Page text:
15 October 2015

Tiara Thursday: Queen Nazli's Van Cleef & Arpels Tiara

When we looked at Princess Fawzia's Van Cleef & Arpels Tiara last year, many of you made note of its large size, classifying it firmly in the "big gun" category. Amusingly, though, Fawzia's tiara was actually not the big gun tiara in that particular jewelry order.
Queen Nazli's Van Cleef & Arpels Tiara (sketch)
Princess Fawzia's tiara was ordered from Van Cleef & Arpels in 1938, in advance of the wedding of the Egyptian princess to the future Shah of Iran, but it was part of a larger commission from the esteemed French jeweler. Fawzia's mother, Queen Nazli (1894-1978), took the opportunity to order a parure for herself, a set even more elaborate than the one created for the bride. Van Cleef & Arpels: Treasures and Legends by Vincent Meylan details the set of a tiara with more than 700 diamonds in platinum and a matching necklace with well over 600 additional diamonds, each item boasting between 200 and 300 carats. The tiara could also be worn as a necklace itself, and features bursts of baguette diamonds topped with rolling rows of brilliants. This design has always reminded me of the marquees topping old Art Deco movie theaters - with a sign screaming QUEEN instead of a list of coming attractions. There's no way not to make an impression in pieces like these.
Queen Nazli's story is not a happy one, but it is intertwined with the tale of her tiara. She was born Nazli Sabri, the daughter of a politically-inclined Egyptian family. She was 25 years younger than Fuad I, who married her 1919 after spotting her at the opera. It was the second marriage for both of them, and an unhappy one, but it did last until he died in 1936. Nazli was Queen Mother by the time this tiara was created. She left Egypt for the United States in the 1940s and settled in the Los Angeles area. With an unhappy marriage and a divorce in her own past, the Queen Mother supported her daughter Princess Fathia's desire to marry Riyad Ghali, a commoner and a Christian, in 1950. The marriage was against the wishes of Nazli's son, King Farouk, and he reacted by stripping his mother and sister of their royal titles and allowances and banning them from Egypt.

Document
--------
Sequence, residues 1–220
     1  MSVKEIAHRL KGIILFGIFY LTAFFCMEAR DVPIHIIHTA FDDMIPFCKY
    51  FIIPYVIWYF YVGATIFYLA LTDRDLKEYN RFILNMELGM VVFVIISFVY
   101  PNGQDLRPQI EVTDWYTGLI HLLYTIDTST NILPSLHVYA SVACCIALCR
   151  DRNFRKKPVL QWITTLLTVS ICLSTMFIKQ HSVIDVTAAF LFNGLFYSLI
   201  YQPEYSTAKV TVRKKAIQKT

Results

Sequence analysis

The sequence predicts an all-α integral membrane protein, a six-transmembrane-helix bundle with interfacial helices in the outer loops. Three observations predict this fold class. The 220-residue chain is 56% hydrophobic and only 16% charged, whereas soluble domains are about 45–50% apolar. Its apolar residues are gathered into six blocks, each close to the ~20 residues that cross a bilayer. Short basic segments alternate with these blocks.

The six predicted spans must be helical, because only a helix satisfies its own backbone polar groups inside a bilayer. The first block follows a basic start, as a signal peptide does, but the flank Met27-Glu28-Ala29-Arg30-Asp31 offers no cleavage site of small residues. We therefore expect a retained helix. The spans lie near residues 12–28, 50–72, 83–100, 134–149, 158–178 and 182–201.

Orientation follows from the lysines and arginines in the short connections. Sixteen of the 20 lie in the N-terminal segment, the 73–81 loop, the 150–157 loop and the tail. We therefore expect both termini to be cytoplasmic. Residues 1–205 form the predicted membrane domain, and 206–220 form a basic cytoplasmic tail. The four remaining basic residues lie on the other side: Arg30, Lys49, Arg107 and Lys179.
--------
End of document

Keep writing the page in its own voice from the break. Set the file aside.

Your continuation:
Financial trouble was not far off for the banished royal women. The former queen still had her valuable jewel collection, and they had to put it to use. In 1975 these pieces were among jewels placed for auction at Sotheby's, the tiara and necklace selling for $127,500 and $140,000 respectively (per Jewels du Jour), but Nazli and Fathia still ended up in bankruptcy court. The worst was yet to come: Fathia was murdered in 1976 by the man she had fought to marry (and had later divorced) just as she and her mother regained their passports and were able to return to Egypt. Nazli died two years later.
The necklace (sketch and actual)
As for the jewels, the tiara has not been seen since. The necklace, however, just reappeared: Sotheby's will auction it again in the Magnificent Jewels sale on December 9, 2015. The overwhelming opulence of rows upon rows of brilliants is even more stunning in current pictures, and I can't help but wish we'd get another look at that tiara - if it even still exists.

What do you think: too much, or never enough?

Psst: It's a two post day! Keep scrolling.

Photos: Van Cleef & Arpels, Public Domain/Wikimedia Commons, Sotheby's